But for the most part, his reactions are joyful. He plays "lavishly," Coakley says. For a while, he tried to hide that part of him. In 2017, as a 19-year-old shortstop for the Class A Kane County (Geneva, Ill.) Cougars in the Diamondbacks’ system, he pimped groundballs and stuck out his tongue after stolen bases and generally had the time of his life. His peers delighted in his energy, he says. Young stars such as reliever Archie Bradley, shortstop Nick Ahmed and second baseman Ketel Marte told him they would love to have a teammate with his passion. But many older players did not agree. So Chisholm desaturated the bright colors of his personality. The only way for him not to celebrate a stolen base was not to steal it. So he stopped running.
"I tried to change and be in my corner and not be as fun," he says. "The veteran guys, you know, the guys that are older and always telling me, 'Hey, you shouldn't do this' and 'You shouldn't do that'—I was trying to do it for them. And then I was struggling and then I would go back to being me for a minute, and then the veterans would say something, and then I’d go back to [being quiet] again and then the whole season is already over by the time I just realized: Just be myself."
He finished the year with a .248 average and a .683 OPS—and just three stolen bases.
Now he forces himself to act confident, even when he doesn’t feel that way. As a little boy, he was forever insisting he could do anything—play baseball with adults, navigate through the airport on his own—and most of the time, he was right.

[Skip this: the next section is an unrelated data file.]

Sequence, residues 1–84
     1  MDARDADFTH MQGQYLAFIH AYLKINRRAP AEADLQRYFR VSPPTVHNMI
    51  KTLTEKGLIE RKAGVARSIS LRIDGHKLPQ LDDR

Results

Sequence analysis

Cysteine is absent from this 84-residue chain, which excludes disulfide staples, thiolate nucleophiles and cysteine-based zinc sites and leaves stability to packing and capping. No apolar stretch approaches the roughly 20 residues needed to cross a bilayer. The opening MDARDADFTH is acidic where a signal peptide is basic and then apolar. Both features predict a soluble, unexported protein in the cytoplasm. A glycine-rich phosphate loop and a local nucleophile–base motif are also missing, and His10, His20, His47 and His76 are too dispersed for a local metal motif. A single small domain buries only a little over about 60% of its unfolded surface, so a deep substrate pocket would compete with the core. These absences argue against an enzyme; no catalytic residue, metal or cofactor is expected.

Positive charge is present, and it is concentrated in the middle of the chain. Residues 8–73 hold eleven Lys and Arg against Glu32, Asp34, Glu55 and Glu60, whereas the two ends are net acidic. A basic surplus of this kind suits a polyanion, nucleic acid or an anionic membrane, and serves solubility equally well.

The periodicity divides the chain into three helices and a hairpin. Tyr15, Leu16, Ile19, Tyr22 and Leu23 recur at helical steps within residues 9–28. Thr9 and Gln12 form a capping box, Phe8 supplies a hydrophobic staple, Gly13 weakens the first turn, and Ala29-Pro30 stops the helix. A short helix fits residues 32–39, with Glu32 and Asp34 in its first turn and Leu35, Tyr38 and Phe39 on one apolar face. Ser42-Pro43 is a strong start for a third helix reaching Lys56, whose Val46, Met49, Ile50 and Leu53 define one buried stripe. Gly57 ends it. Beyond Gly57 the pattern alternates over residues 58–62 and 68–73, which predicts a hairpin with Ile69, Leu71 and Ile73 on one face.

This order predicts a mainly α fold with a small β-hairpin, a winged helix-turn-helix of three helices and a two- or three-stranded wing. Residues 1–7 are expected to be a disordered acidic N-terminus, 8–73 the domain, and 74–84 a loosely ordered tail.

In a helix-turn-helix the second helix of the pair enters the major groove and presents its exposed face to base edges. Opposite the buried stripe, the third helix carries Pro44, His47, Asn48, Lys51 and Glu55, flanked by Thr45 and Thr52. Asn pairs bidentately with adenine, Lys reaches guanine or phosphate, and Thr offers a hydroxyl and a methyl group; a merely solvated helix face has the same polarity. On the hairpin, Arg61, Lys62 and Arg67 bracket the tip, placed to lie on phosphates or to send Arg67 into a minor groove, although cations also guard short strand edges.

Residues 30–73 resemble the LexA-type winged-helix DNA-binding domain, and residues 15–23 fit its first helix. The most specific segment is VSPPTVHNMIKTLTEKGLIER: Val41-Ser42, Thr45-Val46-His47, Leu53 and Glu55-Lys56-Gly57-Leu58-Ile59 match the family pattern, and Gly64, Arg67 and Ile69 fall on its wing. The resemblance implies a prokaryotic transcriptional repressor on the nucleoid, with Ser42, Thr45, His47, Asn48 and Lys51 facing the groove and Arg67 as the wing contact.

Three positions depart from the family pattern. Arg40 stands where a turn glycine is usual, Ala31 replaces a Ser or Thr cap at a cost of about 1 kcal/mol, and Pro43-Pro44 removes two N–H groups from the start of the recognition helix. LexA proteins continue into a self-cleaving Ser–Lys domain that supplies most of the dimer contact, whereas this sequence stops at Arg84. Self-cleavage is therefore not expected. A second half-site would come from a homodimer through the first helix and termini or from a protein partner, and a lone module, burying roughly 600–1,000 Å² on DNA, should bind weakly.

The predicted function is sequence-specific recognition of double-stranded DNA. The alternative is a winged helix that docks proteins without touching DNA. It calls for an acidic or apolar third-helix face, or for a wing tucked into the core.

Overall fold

"I’m only afraid of one thing, and that’s failure," he says. "Not being in the Hall of Fame. I know it’s far away, but that’s all I’m afraid of, really."
Well, failure and his grandmothers. He most recently drew Coakley’s ire on the day of that hamstring strain. Jasrado, she texted him that morning, I want you to be very careful today. I don't want you to do anything out of the ordinary, because I'm picking up something and I don't know what it is. Read this psalm before you go to the game.
"He didn’t read Psalm 91!" she says now. "He would have escaped the injury."
"I did!" he insists. "I just didn’t have my read receipts on that day."
As soon as she saw him walk off the field after the play, she knew he was hurt. So that day’s phone call was devoted to her prescription: Take a bath with Epsom salts in the hottest water you can bear, then dry off and coat your leg with olive oil.
"I do that, go to bed and I wake up feeling better every day," he reports. He expects to return from the injured list shortly after he is eligible on May 8.
He learned long ago to take her advice. In 2019, shortly after the Diamondbacks traded him to the Marlins, both grandmothers, his mother and a sister flew to Jacksonville to watch him play for the Double-A Jumbo Shrimp, the first professional game of his they attended. He went 0-for-4 with four strikeouts.
After the game, they went back to the hotel room. "My mom does my hair and my grandma sits there for an hour and a half, teaching me how to hit," he says. "She was like, 'No wonder why you’re hitting .200. Now that I can see you in person I can tell why. You look tense. You don’t look like you know how to swing a bat. You’re lucky you’ve even got 20 home runs!' I was like, 'Dang!' 'How about you go up there and don’t worry about none of this and just play the game you love?' The next day I went 4-for-4."
Coakley reminds him often to stick with what got him to the big leagues in the first place: You hit the ball harder than everybody and you run faster than everybody, she tells him, only barely exaggerating. Just do that.
She is not interested in talk of launch angle or spin rate. She wants her grandson to get his hands above the ball, swing hard and take off. She wants him to pimp groundballs and stick his tongue out after stolen bases and generally have the time of his life. And then, one hour after the game, she wants him to answer his phone.